Making Climate Change Part of the Local Transpo Debate

As the leaders of the G-8 meet in L’Aquila, Italy, to discuss how to tackle climate change on the global level, we bring you a report from Streetsblog Network member GreenCityBlueLake about a victory on the local level in Ohio.

It shows how advocacy organizations can reframe the debate over transportation spending so that addressing climate change is an explicit goal for regional authorities:

1630675139_63906f82f1_m.jpgPlanning for fewer of these in Northeast Ohio. Photo by undergroundbastard via Flickr.

Thanks to the advocacy of the GreenCityBlueLake Institute in recent months, regional plans in Northeast Ohio will be changed to reduce greenhouse gas emissions from transportation…

When two of the region’s transportation agencies — the Northeast Ohio Areawide Coordinating Agency (NOACA) and the Akron Metropolitan Area Transportation Study (AMATS) — released drafts of their long-range transportation plans in early 2009, they glossed over the impact of climate change… [N]either mentioned climate change as a serious challenge to the region. Nor did they include reduction of greenhouse gas emissions as a criteria for setting goals.

In response, GCBL staff met with agency staff and board members and explained what other regional planning agencies (such as the one for the Columbus region) and federal agencies are doing to address climate change. We outlined how they could add climate change language to their plans. We shared our climate change transition plans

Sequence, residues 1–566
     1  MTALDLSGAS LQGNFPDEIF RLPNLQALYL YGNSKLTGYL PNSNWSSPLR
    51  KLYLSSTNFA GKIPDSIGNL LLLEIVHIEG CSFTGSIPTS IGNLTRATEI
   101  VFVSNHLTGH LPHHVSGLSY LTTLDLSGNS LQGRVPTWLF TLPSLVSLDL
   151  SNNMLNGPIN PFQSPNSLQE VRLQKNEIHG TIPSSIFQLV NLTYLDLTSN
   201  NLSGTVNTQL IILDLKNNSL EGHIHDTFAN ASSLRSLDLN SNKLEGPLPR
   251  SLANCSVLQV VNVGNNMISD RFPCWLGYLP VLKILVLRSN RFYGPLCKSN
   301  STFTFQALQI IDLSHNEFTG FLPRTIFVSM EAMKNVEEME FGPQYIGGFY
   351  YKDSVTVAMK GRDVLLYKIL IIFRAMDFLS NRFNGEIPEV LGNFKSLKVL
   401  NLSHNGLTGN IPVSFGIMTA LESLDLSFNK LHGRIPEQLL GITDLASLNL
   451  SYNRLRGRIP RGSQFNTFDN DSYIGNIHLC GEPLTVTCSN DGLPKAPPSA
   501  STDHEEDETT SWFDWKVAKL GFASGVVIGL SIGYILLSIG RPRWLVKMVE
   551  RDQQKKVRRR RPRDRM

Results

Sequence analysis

and explained how they could be consistent with the goals and vision of long-range transportation plans. And communicated these outreach efforts here.

As a result of our work and public comments, NOACA recently amended goal Number Two of its 2030 long-range plan
to specifically identify climate change. Just as important, NOACA promised to initiate an effort to develop a more detailed climate change policy for the region…

With AMATS, GCBL engaged in the public debate by posting about the need for climate change as part of the Summit County area’s long-range plan. And our staff met with AMATS board members individually. As a result of the increased awareness, AMATS recognized the region faces a significant challenge, and, thus, adopted climate change language in their 2030 Regional Transportation Plan. Now the agency is beginning to prioritize its projects and review their performance through the lens of carbon reduction.

In other network news: Yesterday, we brought you New Geography‘s take on telecommuting; today, World Streets has a post by Jack Nilles on the same topic. The MinusCar Project in Sioux Falls, SD, updates us on a citizen-driven initiative to mark streets in that city so that light-change sensors detect cyclists as well as cars. And Bike Portland reports on a second credit union that wants to lend you money to purchase a vehicle. A two-wheeled vehicle.

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